Posts Tagged ‘Bob Delaney’

Refs mourn friend, colleague Nolan Fine


Nolan Fine brought a relaxed approach to his job as an NBA referee, his close friend and colleague Joe Forte said Tuesday, and it served him well in his 16 seasons officiating in the league.

So did his sense of humor. Forte recalled a game in Sacramento about 25 years ago, back in the low-tech days, when referees filled out their game reports and technical foul reports on paper and mailed them to NBA HQ. So when a courtside fan loudly wondered why Fine wasn’t T-ing up several obstinate players, the ref fired back “I can’t afford all the stamps.”

Fine, 60, died Saturday in Virginia Beach, Va., news that hit Forte hard. The men had been friends for three decades, dating back to their time together working college basketball games in the Metro Conference. When their performance in the 1987 NCAA tournament earned them, along with Joe Sylvester, the assignment of the Indiana-Syracuse championship game, Fine at 31 became the youngest referee ever to work that event.

“He stayed relaxed but his mind was really into the game,” Forte said by phone Tuesday. “He knew team fouls, personal fouls, time on the clock… He was a real journeyman referee whom you liked on the court and off the court. It was always a real pleasure to see his name on the assignment sheet next to mine.”

Of Fine’s passing, Bob Delaney, NBA vice president of referee operations, said: “Nolan Fine was a great NBA Official and an even better person. Nolan will be remembered for his passion and commitment to our profession. Every NBA referee, past and present, offers condolences to his family.”

Fine, born in Norfolk, Va., played varsity golf in high school and at Tulane University so well that Forte wondered why he didn’t try to qualify for the pro tour. Fine’s entry into basketball came from attending Virginia Squires games in the old American Basketball Association and becoming friendly with longtime NBA/ABA ref Joe Gushue. It was Gushue who helped Fine gets his start as a college referee.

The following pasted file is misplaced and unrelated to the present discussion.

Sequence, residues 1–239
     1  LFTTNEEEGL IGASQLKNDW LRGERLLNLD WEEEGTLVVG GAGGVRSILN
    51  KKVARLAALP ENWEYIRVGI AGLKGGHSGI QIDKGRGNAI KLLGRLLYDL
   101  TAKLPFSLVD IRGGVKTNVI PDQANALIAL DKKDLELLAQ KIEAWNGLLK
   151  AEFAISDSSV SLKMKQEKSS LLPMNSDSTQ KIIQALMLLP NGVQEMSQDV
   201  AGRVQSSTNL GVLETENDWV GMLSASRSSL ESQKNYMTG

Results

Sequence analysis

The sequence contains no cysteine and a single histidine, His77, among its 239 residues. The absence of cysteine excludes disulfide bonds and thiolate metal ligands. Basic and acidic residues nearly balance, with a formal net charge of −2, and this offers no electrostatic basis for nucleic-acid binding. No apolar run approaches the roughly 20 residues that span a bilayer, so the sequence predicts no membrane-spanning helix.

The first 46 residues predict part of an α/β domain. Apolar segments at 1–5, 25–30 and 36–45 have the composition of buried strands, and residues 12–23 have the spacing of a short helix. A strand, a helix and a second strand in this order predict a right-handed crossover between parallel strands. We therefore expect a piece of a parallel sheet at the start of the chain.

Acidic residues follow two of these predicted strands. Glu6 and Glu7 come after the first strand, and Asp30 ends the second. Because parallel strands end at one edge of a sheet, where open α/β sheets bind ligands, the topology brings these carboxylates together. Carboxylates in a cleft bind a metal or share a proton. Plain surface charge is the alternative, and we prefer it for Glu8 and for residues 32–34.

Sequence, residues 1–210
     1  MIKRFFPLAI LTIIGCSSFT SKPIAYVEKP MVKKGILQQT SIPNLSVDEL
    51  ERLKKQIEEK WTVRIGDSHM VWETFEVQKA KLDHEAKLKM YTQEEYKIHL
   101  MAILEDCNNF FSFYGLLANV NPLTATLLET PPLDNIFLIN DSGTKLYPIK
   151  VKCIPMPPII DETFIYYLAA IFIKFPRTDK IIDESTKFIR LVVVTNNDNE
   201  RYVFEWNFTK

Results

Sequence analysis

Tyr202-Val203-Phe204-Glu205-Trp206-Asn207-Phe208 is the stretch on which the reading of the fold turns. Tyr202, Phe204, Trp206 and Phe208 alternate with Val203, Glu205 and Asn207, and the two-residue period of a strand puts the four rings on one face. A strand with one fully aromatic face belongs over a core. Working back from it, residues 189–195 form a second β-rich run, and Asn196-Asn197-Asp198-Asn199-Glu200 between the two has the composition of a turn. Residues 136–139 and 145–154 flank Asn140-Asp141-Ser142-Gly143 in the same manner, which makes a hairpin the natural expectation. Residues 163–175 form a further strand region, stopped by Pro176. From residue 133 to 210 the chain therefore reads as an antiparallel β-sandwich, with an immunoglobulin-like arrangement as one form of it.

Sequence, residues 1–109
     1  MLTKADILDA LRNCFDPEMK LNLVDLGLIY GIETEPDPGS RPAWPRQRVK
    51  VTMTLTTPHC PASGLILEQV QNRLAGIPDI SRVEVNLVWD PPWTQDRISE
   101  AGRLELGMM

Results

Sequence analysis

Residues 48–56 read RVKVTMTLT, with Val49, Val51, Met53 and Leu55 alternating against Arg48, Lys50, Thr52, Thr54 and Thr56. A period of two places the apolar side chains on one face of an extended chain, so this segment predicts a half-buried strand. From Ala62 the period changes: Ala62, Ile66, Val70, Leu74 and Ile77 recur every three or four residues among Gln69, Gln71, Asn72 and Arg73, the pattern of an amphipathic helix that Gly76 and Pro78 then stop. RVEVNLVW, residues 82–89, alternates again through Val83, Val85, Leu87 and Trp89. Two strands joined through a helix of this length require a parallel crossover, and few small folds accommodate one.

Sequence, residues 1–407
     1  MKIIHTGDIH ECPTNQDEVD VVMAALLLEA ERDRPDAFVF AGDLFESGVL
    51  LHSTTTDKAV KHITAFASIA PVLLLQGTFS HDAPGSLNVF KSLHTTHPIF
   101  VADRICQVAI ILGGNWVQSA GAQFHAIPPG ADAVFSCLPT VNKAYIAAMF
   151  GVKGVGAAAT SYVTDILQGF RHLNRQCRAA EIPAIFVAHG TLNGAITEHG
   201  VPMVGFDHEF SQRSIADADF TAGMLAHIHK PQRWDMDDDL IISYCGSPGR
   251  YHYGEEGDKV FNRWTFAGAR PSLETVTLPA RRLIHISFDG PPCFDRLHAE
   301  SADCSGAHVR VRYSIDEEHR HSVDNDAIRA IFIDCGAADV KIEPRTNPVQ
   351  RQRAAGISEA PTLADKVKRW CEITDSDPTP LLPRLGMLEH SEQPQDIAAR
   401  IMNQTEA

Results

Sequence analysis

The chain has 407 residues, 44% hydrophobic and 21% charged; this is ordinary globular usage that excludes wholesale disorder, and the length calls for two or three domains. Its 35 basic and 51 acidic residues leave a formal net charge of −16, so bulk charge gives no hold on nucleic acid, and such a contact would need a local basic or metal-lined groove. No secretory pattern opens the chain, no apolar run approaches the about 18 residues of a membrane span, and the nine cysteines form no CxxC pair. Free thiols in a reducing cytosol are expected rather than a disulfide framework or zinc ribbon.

Fine and Forte, 11 years older, moved to the NBA in 1988. After Fine exited the league a decade ago due to a back disability and Forte retired, Fine assisted his friend in supervising referees in the Big South Conference.

Two years ago, after an official ejected an especially abusive fan from an Old Dominion game, a Norfolk TV station sought out Fine as a local authority. He said such incidents are rare but acceptable, and he mentioned the 2001 game in Miami when an NBA ref tossed out singer Jimmy Buffett over a profanity-laced rant from his courtside seat. That referee was Forte.

Forte noted, among the things basketball fans might not have known about Fine, was that he was an art collector, as well as a fan of the “Rat Pack” and Jerry Lewis. His obituary can be found here.

Longtime NBA referee Delaney to join Naismith Hall of Fame board

In a nod to the notion that there are three teams involved in every basketball game – the home team, the road team and the referee team – the Naismith Basketball Hall of Fame is adding former NBA referee Bob Delaney to its Board of Trustees, a league source told NBA.com.

Delaney, currently the league’s vice president of referee operations, becomes the first game official to be part of either the Hall’s 30-member Board of Trustees or its 23-member Board of Governors. The announcement of Delaney’s addition is expected with the boards’ meetings Tuesday in Springfield, Mass., home of the basketball shrine.